On the Art of Life, and a Life of [/for] Art

Most of the past semester had been preparation for what is to come during my last year in college. Nonetheless, I can say it had been a great academic year. A lot of times I was broken to bits, only to be forced to keep my pieces together just in time for the next requirement/project/event. It was a year of promises- both broken and kept; of accomplishments and shortcomings; of growing up and being a kid once more; of experiencing the happiest of happy, the saddest of sad, and the hurtest of hurt; of finding love in the most hopeless of places.

For everything, I am grateful.

I hope that the coming academic year will be a year of even greater happiness; of love; of comfort in sadness; of forgiveness; of finding what’s lost and accepting the loss of the things that may never be found; of fulfillment and grace; of simultaneously being and finding myself; of having an idea on what to do and where to go next, though I may not know everything; of entrusting myself to Him.


To officially cap off my junior year and set the trail for the next, (oh god I’m a Senior now…) I will be sharing one of my most favorite videos of one of my most favorite writers/people in general. Here is Neil Gaiman’s speech during the commencement exercises at the University of the Arts (I’m not exactly sure where) in 2012.

Following are some quotes from the speech, as well as some notes to myself. Here’s a post I’d like to go back to from time to time as I go through my last academic year in the university.


Keep writing. Keep singing. Keep listening. Keep dancing. Keep telling stories. Live.

“If you have an idea of what you want to make, what you were put here to do, then just go and do that.”

“Journalists are allowed to ask questions and to simply go out there and find out how the world works.”

“I learned to write by writing. I tended to do anything as long as it felt like an adventure, and to stop when it felt like work, which meant that life didn’t feel like work.”

Some points on work (Because Senior year…. plus it applies to other things, too.)

“You get work however you get work. But people keep working because (1) their work is good, (2) they’re easy to get along with,  and (3) they deliver the work on time.

“And you don’t even need all three. Two out of three is fine.

“People will tolerate how unpleasant you are if your work is good and you deliver it on-time. People will forgive the lateness of your work if it’s good and they like you. And you don’t have to be as good as everyone else if you’re on-time, and it’s always a pleasure to hear from you.”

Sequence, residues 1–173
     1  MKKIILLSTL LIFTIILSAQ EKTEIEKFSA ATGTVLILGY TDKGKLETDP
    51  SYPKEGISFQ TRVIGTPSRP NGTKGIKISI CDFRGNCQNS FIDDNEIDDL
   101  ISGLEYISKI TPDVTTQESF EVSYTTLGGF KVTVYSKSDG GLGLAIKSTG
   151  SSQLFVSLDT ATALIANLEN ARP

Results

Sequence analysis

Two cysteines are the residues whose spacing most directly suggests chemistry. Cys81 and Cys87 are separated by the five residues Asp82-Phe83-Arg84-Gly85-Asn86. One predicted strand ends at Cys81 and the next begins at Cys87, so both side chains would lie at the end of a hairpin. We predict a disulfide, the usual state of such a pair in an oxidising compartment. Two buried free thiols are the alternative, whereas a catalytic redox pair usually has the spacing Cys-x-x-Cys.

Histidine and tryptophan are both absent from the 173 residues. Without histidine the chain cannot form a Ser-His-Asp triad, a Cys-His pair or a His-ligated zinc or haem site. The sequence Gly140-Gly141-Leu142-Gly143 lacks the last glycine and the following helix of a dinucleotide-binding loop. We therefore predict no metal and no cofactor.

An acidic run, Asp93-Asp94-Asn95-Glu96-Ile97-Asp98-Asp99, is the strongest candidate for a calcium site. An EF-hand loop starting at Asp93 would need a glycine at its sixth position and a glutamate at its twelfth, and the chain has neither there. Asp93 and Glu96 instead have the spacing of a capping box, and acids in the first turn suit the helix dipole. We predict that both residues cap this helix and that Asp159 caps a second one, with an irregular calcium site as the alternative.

Deal with uncertainty.

“Where would be the fun in making something you knew was going to work?”

Make mistakes.

“If you make mistakes, it means you’re out there doing something. And the mistakes themselves can be useful.”

Deal with failure.

“You want everything to happen, and you want it now, and things go wrong.”

“A life in the arts is sometimes like putting messages in bottles on a desert island and hoping that someone will find one of your bottles and open it and read it, and put something in a bottle that will wash it’s way back to you- appreciation, or a commission, or money, or love. And you have to accept that you may put out hundreds of things for every bottle that winds up coming back.”

Whatever happens, make good art.

“Sometimes life is hard. Things go wrong in life, and in love, and in business, and in friendship, and in health, and in all the other ways that life can go wrong. And when things get tough, this is what you should do: Make good art.

“Husband runs off with a politician, make good art. Leg crushed and then eaten by a mutated boa constrictor, make good art. Cat exploded, make good art. Someone on the internet thinks what you’re doing is stupid, or evil, or it’s all been done before, make good art.

“Probably things will work out somehow, and eventually time will take this thing away, and that doesn’t even matter. Do what only you can do best- make good art.

“Make it on the bad days, make it on the good days, too.”

It’s your last year in college, but it’s just the beginning of greater things. Enjoy the ride.

“Be wise, because the world needs more wisdom. If you cannot be wise, pretend to be someone who’s wise, and then just behave like they would.”

“Let go and enjoy the ride. Because the ride takes you to some remarkable and unexpected places.”

“And now go and make interesting mistakes. Make amazing mistakes. Make glorious and fantastic mistakes. Break rules. Make the world more interesting for your being here. Make. Good. Art.”

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